If you’re going to New York, go to Auschwitz.
Go see a musical, go see the Statue of Liberty, then go witness the worst.
Take your kids. Tell your friends. Talk about what you see.
The world is forgetting.
There are many people fretting about those who deny the Holocaust ever happened. But the deniers are far outnumbered by people who simply don’t even know what the Holocaust was.
That ignorance is growing.
That’s why The New York Times ran a full-page photo of the railroad tracks leading into Birkenau Jan. 27 to promote the Auschwitz exhibit that opens May 8 in New York City, which just happens to be V-E Day, the day the Nazis surrendered in 1945.
On Jan. 27, International Holocaust Remembrance Day, my friends in Poland posted photos of themselves looking somber, holding simple signs with these words: #WeRemember. They can never forget. The Nazis set up the most notorious killing factory in their country at Auschwitz and Birkenau, which were liberated on Jan. 27, 1945.
Too many people don’t even know that.
Last year, Newsweek shared a survey completed by Jewish Material Claims Against Germany, or Claims Conference. Newsweek reported “almost half (45 percent) of Americans were unable to name a single concentration camp, and the number was even worse for millennials (49 percent). Two-thirds (66 percent) of millennials were unable to explain what Auschwitz was.”
Newsweek also said that of 31 percent of the Americans surveyed and 41 percent of millennials surveyed, they don’t believe 6 million Jews were killed during the Holocaust. They think the death toll was “at least 2 million lower.”
Also, most Americans, 80 percent, have never visited a Holocaust museum. And yet some 58 percent believe “something like the Holocaust could happen again.”
Americans aren’t the only clueless ones. Israel National News reported more than half of Canadians didn’t know that 6 million Jews were killed during the Holocaust. Nearly half of them couldn’t name a single Nazi concentration camp.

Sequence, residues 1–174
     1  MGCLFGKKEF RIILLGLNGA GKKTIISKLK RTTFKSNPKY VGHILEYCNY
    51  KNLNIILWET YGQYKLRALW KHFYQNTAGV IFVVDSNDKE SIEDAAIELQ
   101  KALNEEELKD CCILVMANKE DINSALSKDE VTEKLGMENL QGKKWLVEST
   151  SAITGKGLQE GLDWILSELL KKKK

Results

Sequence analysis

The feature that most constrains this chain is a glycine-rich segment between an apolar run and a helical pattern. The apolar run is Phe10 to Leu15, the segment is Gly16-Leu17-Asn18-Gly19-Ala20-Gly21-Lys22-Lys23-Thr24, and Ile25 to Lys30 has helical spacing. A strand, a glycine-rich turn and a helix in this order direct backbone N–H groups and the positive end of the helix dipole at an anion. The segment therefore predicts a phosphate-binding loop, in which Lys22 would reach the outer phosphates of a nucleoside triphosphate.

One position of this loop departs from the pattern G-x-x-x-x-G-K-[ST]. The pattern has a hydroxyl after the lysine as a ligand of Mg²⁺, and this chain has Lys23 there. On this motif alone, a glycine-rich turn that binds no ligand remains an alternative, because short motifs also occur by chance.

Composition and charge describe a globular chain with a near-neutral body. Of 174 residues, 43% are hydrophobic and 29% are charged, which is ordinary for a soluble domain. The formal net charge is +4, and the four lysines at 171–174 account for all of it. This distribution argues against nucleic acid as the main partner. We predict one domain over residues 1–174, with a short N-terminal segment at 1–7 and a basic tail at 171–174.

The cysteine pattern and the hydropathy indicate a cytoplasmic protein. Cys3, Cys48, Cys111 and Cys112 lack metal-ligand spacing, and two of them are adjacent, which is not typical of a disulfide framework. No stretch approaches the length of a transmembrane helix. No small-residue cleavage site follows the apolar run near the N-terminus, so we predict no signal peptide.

That’s why we need to talk about it, not just on International Remembrance Day.
The Israel Project created a brief video with a photo of Birkenau and these words, “In memory of 6 million men, women and children murdered just because they were Jewish.” Then it listed the death toll country by country, from Austria, where 50,000 were murdered, to Yugoslavia where 60,000 died. It included where the fewest were murdered, 7 in Finland and the most, the 2.9 million who perished in Poland.
At the end, a candle glows with the words burning in orange: “Never again.” It’s the job of all of us to keep that promise.
I urge everyone who goes to Europe to visit Auschwitz and Birkenau. Not to check it off their bucket list, not as a curiosity to tell their friends, not as a tourist, but as a witness performing a sacred duty. A friend of mine was recently invited to speak in Warsaw at a leadership conference. I urged her to go to Krakow, to see the beauty there, then to go to Auschwitz and Birkenau, to see the ugliness there.
I still can’t forget the room full of human hair, the stack of luggage, the mountain of eye glasses, the tiny baby shoes. Some of those items will be on display in “A Living Memorial to the Holocaust” in New York City at the Museum of Jewish Heritage in Lower Manhattan. The exhibit has 700 artifacts, including some of the barracks, suitcases, shoes, dreidels and bullets. Timed tickets are already on sale at Auschwitz.nyc.
If you’re Jewish, you might think you grew up hearing too much about the Holocaust. Is there really such a thing? No, because you heard it over and over and over again not for you, but to be a witness to others, Gentiles like me who didn’t grow up hearing enough about it.
If you can go to Auschwitz and Birkenau, go. If you can’t, go to New York City and be a witness. Take your children and your children’s children. Tell them, what survivor Primo Levi said: “It happened, therefore it can happen again.”
It happens when hate goes unchecked.
The Holocaust started with hate and ignorance, not with the ovens. It started with the kind of ugliness we saw in Charlottesville, Va., in 2017, when a long snake of angry white people marched with torches and shouted, “Jews will not replace us.”
That’s what makes the tagline for the Auschwitz exhibit so haunting:
“Not long ago. Not far away.”
No, it wasn’t.
Read Regina Brett online at cjn.org/regina. Connect with her on Facebook at ReginaBrettFans. 2018 Best Columnist, AJPA Louis Rapoport Award for Excellence in Commentary.